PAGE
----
Caring for Your Boat’s Bilge System

The presence of oil or fuel in the bilge creates the potential for overboard discharge. Some tips to prevent petroleum products from mixing with bilge water:

  • Keep the engine tuned to minimize oil leaks and wipe up spills, drips and splatters immediately.
  • Check that clamps and filters are sealed properly and inspect hoses and belts for cracking.
  • If replacing hoses, ensure they are the correct length; hoses that are too long or stretch to fit can kink or collapse.
  • Place an oil-absorbent pad under the engine and an absorbent sock around (but not interfering with) the bilge pump.
  • Many oil-only absorbent products can make bilge cleaning easier. Some absorb only oil and leave water behind; others contain microbes that “eat” the oil.
  • An alternative to managing dirty bilge water is an inline bilge filter, which removes fuel/oil from the water without restricting pump operation, allowing for clean discharge.
  • Bilge cleaners can be a tempting solution to an oily bilge, but many simply suspend oil in the solution; both then need disposal.
  • Boat owners and charterers are responsible for ensuring that all components of the vessel’s ventilation system (active and passive) work as intended.
  • Keep all vent openings, cowlings, etc. free of obstructions, and be sure that below deck ducts are not blocked or damaged.
  • For powered ventilation systems, check the blowers for proper operation, and replace worn components with parts approved for marine use.

Diesel Engine Ventilation on Boats

On diesel-powered boats, engine compartment ventilation is less of a concern because diesel fumes are far less combustible than gas fumes. However, diesels need enormous amounts of air. Blowers that force it into the engine compartment increase the air volume going to the engine. Powered ventilation systems for diesels are generally not federally required, but certainly a good idea.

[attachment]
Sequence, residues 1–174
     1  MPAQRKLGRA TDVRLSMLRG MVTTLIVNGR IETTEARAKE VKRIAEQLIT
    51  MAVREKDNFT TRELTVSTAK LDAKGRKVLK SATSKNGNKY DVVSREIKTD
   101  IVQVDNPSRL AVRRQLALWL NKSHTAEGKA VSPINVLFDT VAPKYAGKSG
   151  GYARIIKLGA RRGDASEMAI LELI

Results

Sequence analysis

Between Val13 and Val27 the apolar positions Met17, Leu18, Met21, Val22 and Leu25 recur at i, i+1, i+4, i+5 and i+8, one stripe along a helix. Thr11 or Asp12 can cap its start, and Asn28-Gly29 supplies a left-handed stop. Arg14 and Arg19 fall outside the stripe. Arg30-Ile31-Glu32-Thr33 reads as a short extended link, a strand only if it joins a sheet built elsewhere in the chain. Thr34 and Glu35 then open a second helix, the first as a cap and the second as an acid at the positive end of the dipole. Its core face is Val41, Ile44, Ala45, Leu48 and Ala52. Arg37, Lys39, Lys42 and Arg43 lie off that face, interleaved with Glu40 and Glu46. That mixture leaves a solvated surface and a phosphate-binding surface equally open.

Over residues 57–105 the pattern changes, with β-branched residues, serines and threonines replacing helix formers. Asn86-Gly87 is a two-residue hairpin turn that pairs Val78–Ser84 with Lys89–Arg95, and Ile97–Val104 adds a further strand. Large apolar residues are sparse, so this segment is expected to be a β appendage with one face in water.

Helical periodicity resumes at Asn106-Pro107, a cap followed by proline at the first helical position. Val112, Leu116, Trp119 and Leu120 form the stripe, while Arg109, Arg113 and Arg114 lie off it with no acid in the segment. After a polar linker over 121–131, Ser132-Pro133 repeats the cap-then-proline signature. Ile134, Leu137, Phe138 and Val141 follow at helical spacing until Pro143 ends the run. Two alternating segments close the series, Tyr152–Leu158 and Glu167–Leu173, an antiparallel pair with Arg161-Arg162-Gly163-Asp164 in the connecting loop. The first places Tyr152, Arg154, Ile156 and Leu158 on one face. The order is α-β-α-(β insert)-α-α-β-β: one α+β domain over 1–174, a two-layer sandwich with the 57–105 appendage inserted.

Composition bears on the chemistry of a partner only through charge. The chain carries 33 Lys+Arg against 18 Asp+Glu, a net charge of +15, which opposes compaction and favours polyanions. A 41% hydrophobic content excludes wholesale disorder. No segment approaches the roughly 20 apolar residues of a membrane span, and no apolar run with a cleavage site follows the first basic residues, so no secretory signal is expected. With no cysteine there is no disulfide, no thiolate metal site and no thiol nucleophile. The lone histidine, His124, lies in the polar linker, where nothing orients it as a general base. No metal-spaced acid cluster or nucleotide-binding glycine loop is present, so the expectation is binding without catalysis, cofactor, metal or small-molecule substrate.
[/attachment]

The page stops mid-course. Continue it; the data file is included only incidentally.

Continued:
Caring for Your Boat’s BilgeCarbon Monoxide Issues on Boats

Any discussion of bilge/engine space ventilation should include information about the “silent killer” — carbon monoxide. The colorless, odorless, and tasteless gas results from the incomplete combustion of gasoline or diesel fuel and is as deadly on the water as it is on land. CO is controlled with a constant flow of fresh air throughout a boat. The effects of carbon monoxide are cumulative — exposure to even low concentrations can accumulate in the blood and, over time, will cause serious health issues or even death.

Carbon monoxide becomes dangerous when the gas becomes trapped inside a boat and is not flushed. For center console and pontoon boats, runabouts, and similar open-deck vessels, carbon monoxide is not a critical issue, as these boats have a constant flow of fresh air.

On boats with inboard/outboards, stern drives, and cabins, however, the concern skyrockets. Exhaust fumes can enter a boat through any opening, especially when underway with a following (stern) wind, which pushes exhaust fumes into enclosed spaces. An open foredeck hatch, port, or front-facing window allows fresh air to dissipate and exhaust the gas.

To eliminate concerns about carbon monoxide, follow these life-saving tips:

  • Install a marine carbon monoxide alarm system and test before every voyage.
  • Know carbon monoxide poisoning symptoms (headache, nausea, fainting, drowsiness, or dizziness) and advise passengers about the symptoms.
  • Before every voyage, with the engine running, look and listen for exhaust system leaks and visually check connection points for tightness, discoloration, corrosion, or stains.
  • Ensure that hatches, ports, and windows operate properly.
  • Make sure ventilation system openings work properly and are not obstructed.
  • When docked adjacent to boats running engines or generators, or when rafted to other boats, be certain that the exhaust from the vessels flows into open air.
  • Avoid swim platforms or swimming near a boat when the engine or generator is running.
  • Always maintain the boat at peak performance to reduce the risk of CO production.

Boaters should focus on understanding ventilation system configuration and operation before departing on voyages of any length. Neglecting to activate the blower before engine start can cause death or serious injury to passengers and damage to a vessel, as well as to surrounding boats and docks. Lives depend on blower operation.